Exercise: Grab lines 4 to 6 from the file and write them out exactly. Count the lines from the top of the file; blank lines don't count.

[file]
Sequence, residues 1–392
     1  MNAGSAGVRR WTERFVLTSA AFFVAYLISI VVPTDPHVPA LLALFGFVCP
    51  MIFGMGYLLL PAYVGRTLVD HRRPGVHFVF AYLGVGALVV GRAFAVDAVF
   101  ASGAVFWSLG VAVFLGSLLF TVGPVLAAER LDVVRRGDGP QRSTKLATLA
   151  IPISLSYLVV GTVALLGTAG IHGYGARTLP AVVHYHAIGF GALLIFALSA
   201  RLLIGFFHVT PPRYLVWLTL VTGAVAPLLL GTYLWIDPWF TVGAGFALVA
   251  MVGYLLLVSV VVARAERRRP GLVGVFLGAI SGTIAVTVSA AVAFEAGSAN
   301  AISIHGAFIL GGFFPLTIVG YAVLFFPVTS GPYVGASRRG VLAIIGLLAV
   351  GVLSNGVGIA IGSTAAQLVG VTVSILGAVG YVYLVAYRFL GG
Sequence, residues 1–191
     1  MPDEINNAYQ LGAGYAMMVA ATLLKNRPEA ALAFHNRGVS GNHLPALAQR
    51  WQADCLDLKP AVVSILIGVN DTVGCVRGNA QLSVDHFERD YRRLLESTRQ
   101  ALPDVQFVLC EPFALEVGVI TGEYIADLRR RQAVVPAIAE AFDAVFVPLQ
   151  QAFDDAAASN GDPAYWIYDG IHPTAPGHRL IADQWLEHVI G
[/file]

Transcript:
   101  ASGAVFWSLG VAVFLGSLLF TVGPVLAAER LDVVRRGDGP QRSTKLATLA
   151  IPISLSYLVV GTVALLGTAG IHGYGARTLP AVVHYHAIGF GALLIFALSA
   201  RLLIGFFHVT PPRYLVWLTL VTGAVAPLLL GTYLWIDPWF TVGAGFALVA